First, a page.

L'Oreal Paris has tapped Eva Longoria, Aimée Mullins, Lea Michele, Diane Keaton, and L’Oréal Paris executive Danielle Macaluso to talk about melanoma, the most dangerous form of skin cancer and a malady whose incidence is increasing fast, especially in the U.S. The company has signed a three-year partnership with the Melanoma Research Alliance (MRA) to drive funding and to raise awareness in the U.S. of the risks and ways to lower them.
The cosmetics and skin care company is launching a campaign called "It's THAT Worth It" to warn Americans to cover up, use sunscreen, and not to take sunlight lightly. L’Oréal Paris is also donating $750,000 to MRA to help find a cure and to fund the L’Oréal Paris-MRA Team Science Award.
The first phase of the campaign comprises celebrity broadcast and print PSAs that drive viewers to www.ItsTHATworthit.org to join the global crowdsourcing tool Thunderclap. The tool aggregates messages to amplify a single call to action. For each supporter who signs up for the Thunderclap effort, the company will donate $1, and will also donate a dollar for each L’Oréal Paris Advanced Suncare product sold in the U.S., up to $250,000 in 2014.
On the broadcast and video side of the campaign, Longoria is doing both a Spanish and English-language PSA. Otherwise, each spokesperson is doing one PSA. The effort also comprises print and online elements. Macaluso, who herself has been treated for melanoma, was involved with developing the relationship with the MRA from the get-go. She tells Marketing Daily that the partnership, inked last year, comes a year after L’Oreal launched its Advanced Sun Care line of products. "We saw it as a perfect match." She adds that, ironically, she was diagnosed with the disease while involved with marketing the new Advanced Suncare line.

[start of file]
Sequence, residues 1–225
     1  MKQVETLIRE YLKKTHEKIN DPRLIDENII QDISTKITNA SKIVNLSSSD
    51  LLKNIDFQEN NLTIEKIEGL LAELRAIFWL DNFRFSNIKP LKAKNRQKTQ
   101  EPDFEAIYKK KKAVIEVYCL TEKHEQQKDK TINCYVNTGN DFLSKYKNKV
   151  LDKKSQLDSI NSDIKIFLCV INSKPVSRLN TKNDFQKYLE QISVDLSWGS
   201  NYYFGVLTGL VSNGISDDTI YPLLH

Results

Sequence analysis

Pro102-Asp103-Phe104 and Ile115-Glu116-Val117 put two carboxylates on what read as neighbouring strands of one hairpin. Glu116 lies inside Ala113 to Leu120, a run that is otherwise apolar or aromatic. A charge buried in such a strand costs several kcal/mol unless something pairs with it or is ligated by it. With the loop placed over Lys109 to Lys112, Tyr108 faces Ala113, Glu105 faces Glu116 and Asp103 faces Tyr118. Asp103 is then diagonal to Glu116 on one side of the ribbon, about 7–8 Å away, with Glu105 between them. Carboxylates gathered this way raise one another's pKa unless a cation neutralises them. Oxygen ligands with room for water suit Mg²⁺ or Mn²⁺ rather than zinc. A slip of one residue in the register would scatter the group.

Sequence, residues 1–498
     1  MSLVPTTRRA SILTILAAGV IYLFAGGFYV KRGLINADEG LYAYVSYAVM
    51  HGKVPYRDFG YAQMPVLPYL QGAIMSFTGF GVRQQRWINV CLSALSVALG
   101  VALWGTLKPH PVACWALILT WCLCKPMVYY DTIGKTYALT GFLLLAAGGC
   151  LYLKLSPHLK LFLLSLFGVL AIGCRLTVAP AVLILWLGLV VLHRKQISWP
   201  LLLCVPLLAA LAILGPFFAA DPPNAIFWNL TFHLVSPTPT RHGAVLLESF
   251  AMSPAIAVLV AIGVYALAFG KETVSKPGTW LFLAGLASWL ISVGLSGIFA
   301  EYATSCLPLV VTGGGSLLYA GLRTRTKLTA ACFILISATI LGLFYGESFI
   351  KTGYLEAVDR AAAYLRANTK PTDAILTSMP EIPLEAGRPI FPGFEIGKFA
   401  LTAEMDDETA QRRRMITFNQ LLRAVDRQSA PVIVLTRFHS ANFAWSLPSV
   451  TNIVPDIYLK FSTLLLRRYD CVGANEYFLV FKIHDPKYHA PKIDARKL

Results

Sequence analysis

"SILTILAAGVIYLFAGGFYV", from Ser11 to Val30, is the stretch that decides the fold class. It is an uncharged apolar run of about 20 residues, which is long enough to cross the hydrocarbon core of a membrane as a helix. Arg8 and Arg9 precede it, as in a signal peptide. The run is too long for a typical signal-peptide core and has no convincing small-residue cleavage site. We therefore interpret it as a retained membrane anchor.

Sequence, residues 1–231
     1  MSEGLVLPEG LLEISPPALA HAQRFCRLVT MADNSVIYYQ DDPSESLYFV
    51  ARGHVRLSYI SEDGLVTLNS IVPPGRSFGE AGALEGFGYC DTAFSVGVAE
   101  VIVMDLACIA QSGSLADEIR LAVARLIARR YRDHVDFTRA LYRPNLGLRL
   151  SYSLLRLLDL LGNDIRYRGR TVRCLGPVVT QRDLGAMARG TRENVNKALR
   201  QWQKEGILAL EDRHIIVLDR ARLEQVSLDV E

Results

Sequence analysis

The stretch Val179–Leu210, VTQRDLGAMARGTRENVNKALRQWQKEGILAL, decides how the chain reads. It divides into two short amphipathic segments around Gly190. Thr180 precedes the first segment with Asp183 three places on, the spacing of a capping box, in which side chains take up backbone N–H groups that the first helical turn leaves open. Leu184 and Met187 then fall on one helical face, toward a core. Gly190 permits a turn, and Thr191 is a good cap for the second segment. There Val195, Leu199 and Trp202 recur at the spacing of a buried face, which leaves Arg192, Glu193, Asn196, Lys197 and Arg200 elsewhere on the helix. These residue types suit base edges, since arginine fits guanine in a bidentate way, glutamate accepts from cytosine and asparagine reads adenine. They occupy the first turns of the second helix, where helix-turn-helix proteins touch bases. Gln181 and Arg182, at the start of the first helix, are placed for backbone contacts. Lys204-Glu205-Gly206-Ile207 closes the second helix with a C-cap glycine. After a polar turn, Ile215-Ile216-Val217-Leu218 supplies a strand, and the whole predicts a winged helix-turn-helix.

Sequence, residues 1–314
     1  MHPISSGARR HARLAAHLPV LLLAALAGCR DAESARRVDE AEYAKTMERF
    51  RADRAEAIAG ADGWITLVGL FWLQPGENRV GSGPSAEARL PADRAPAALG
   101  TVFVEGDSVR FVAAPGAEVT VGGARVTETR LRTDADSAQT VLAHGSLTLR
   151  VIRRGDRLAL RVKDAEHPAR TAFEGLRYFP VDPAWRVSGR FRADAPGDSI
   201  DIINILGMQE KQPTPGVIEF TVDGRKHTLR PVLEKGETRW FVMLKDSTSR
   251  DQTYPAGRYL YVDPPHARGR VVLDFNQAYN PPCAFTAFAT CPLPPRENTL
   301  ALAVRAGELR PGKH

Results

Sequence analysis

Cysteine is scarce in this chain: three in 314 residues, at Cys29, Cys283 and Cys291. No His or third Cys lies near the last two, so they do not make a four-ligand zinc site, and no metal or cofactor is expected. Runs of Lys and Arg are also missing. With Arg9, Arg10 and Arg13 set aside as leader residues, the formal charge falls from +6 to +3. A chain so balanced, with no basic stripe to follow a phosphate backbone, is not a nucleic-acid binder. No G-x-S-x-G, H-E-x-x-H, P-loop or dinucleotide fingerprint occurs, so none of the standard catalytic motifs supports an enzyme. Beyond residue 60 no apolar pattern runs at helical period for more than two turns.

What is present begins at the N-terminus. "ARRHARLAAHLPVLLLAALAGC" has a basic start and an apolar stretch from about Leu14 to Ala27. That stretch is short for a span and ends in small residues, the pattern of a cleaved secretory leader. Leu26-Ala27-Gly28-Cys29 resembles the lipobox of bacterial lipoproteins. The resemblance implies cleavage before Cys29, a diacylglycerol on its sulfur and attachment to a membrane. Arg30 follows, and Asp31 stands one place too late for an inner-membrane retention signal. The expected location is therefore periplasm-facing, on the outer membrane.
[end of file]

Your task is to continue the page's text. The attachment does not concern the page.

According to Project Melanoma, a non-profit advocacy group melanoma’s incidence is rising faster than that of any other kind of cancer. It rose 50% between 1980 and 2004 among Caucasian women. The organization says it is the most common cancer in women ages 25 to 29, the number-one cancer killer of women ages 30 to 35, and is the second-most common form of cancer for adolescents and young adults between the ages of 15 and 29.
Macaluso, who says the U.S. last year became the number one nation in melanoma incidence, says one reason for its rise is lack of awareness of the risks vis-a-vis UV exposure, including tanning beds. The problem, she says, is exacerbated by the fact that dermatologists aren't a fixture in rural areas. "They tend to practice in big cities like New York and Los Angeles."
She says Keaton [who is a melanoma survivor] was first on board with the campaign. “She is a huge sunscreen advocate, so when we approached her with the idea she was thrilled to be part of it. Mullins and the others have not had the disease but were very excited about idea of participating."
The effort, targeting women 18 to 55, will get media placements in both younger-skewing media and media that appeal to a wider age range. "While melanoma is young person's disease, there are a lot of factors involved. If you had skin cancer in the past, you are more susceptible to getting it again. So it's important to keep tabs on it."